How to Let Your Core Beliefs Drive Your Decisions

by | Mar 11, 2020 | Blog, Cultivate Empathy, Wellness Unfiltered

“Do you believe the things that she is saying about you are true?”

“Do you believe the things that she is saying about you are true?”

What is it that you truly believe? This is a question that ruminates in my mind, often when I’m faced with difficult or frustrating circumstances. Many times, we are telling ourselves stories. These stories tell us about how we are feeling and what is happening to us. It’s time for military spouses everywhere to challenge what they believe and replace harmful or limiting beliefs with ones that will lead to better decisions—big or small.


A few weeks ago, someone that I love very dearly received a daunting diagnosis. Cancer. Stage four. My mind began to race. When I am in crisis mode, I begin desperately grasping for control. I assess how I could manipulate the situation to come out with a more favorable result. I obsess over details and possible alternatives. Well, here’s a spoiler alert. Cancer cannot, and will not, be manipulated. All we can do is hope. 

I had to take a step back and ask myself, “What is it that I believe?” Do I believe that life should last forever and that this dire diagnosis is unfair? Am I angry because I cannot, for the life of me, offer up any kind of acceptable explanation for this terrible situation? The answer to both questions is “Yes.”

We know that life is short and also that bad things happen to all of us. None of us are immune. So, because I am a Christian, I believe that I was never in charge in the first place. I should trust that the plan the Lord has is better—even if I have to believe it before I feel it. 

Not so long ago, I had a friend share her difficult story with me. A mutual acquaintance of ours was treating her harshly, spreading rumors and slyly sneaking in rude comments about how unintelligent she was or how she looked “plain.” When I asked her why she didn’t speak up about it, she couldn’t give me an answer. Then, rather abruptly, I asked, “Do you believe the things that she is saying about you are true?” “Yes,” she said. “I guess, at some level, I have always thought that I deserve to be treated this way.”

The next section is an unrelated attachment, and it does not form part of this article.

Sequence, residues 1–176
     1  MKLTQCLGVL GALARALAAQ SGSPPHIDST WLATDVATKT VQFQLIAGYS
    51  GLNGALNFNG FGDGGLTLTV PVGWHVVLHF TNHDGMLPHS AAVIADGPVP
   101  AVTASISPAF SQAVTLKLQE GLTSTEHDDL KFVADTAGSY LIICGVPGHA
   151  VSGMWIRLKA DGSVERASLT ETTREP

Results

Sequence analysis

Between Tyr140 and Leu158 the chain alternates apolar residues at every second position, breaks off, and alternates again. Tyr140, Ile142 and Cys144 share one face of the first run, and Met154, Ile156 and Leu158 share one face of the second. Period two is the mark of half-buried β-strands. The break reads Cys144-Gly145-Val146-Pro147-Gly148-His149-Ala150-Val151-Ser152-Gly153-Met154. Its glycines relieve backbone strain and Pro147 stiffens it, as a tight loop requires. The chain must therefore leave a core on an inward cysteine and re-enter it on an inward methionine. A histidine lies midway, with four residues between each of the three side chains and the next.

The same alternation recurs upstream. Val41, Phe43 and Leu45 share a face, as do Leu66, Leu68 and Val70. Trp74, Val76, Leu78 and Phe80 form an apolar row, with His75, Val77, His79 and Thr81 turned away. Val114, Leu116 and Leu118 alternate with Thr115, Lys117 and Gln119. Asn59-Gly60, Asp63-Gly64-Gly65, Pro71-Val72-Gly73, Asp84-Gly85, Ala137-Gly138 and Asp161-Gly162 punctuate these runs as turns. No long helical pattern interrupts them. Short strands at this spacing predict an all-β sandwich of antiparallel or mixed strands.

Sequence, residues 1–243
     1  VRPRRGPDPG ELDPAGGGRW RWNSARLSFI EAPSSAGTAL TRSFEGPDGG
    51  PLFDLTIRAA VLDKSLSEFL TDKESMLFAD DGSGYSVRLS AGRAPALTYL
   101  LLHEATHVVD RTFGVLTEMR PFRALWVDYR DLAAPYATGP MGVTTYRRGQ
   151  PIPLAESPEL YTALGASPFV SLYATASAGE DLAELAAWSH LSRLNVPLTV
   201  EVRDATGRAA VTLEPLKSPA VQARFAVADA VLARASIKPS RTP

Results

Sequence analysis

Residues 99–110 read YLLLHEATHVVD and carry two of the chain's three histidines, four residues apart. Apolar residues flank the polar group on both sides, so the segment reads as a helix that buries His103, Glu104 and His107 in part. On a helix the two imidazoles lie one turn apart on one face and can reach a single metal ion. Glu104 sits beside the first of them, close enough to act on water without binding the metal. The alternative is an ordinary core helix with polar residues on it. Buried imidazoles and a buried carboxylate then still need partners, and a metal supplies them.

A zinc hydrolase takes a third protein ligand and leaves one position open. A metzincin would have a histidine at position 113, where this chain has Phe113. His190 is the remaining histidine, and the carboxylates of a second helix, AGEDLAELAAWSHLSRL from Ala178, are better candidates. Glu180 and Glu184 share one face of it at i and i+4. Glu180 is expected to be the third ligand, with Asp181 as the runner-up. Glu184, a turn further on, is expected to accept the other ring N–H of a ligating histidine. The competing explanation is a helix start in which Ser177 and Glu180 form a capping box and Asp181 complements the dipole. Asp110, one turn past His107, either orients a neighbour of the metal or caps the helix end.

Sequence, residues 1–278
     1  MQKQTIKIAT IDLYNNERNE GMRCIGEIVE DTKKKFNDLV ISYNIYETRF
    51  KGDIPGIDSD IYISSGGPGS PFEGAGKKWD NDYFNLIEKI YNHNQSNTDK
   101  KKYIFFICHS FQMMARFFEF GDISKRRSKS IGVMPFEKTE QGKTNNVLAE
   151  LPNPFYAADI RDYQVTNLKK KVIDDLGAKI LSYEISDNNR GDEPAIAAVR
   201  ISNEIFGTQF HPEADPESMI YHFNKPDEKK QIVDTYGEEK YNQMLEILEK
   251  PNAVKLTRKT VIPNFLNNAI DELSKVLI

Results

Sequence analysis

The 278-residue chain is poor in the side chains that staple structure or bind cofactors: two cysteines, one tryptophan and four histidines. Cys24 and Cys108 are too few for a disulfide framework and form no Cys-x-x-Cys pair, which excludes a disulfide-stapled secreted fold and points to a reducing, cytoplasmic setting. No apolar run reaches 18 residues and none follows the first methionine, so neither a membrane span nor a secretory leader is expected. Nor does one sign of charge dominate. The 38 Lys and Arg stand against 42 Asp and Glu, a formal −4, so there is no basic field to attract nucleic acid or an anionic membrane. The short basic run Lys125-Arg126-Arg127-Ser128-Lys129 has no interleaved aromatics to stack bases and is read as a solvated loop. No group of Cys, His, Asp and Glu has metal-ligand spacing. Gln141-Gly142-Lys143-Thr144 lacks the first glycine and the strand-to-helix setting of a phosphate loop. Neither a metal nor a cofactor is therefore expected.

My heart broke. Further into the conversation, I asked her, “What would happen if you believed the best about yourself? How would life look if you believed that you are a worthy woman, deserving of respect and kindness?” Her eyes began to swell with tears. She replied with, “I don’t know how to believe that.”

I’ll ask the question again. What is it that we are believing about any given situation? 

When someone is rubbing us the wrong way, do we believe the best about them? Do we believe that they are just another human, doing the best that they can, just like us? Or, do we assume that they are purposely getting on our nerves, seeking to irritate us beyond reason? 


Here are some things that military spouses should be believing, because our core beliefs drive our decisions. 

We are worthy. We are inherently worthy of respect, kindness, and love. These are not things we must earn: they should be unconditionally given. 

Boundaries are a necessity, not a nicety. Setting boundaries, simply put, is determining what is okay and what is not for you to maintain healthy relationships. Do you have a deal-breaker in relationships, whether it is a family, friendly, or romantic relationship? My deal-breaker is when someone tries to exert control over me or attempts to emotionally manipulate me. That is not okay. When it happens in friendly or family relationships, I stand firm that I will not tolerate behaviors like this. 

“No” is a complete sentence. How many of us say yes to everything to please those around us, or to help to the point it hurts? Saying no is not wrong, or selfish. It is wise to say no sometimes to maintain health and wellness.  

We are all doing the best we can. Let’s make a choice to give ourselves, and others, a little grace. Courteous goodwill should help us stave off some of the negative stories we tell ourselves about who we are and why people do what they do. We really are doing the best we can. 

If we take a step back and really try to change our minds about what we believe, we can reframe how we see ourselves, the people in our lives, and the world itself. Beliefs drive how we make decisions, how we behave, and how we feel. 

What is it that you will choose to believe?  

How to Let Your Core Beliefs Drive Your Decisions

How to Let Your Core Beliefs Drive Your Decisions


Megan Brown is a seasoned military spouse and military missionary. She is the founder and managing editor at MilSpo Co., the military liaison for the Speak Up Conference Global Missions Military Scholarship, and the 2019 Armed Forces Insurance Robins AFB Spouse of the Year. She is passionate about military mission work, teaching, and preaching about Jesus in and out of the local church. She lives in middle Georgia with her husband, Keith, and their energetic kiddos. She is a Bible teacher, speaker, and freelance writer. 



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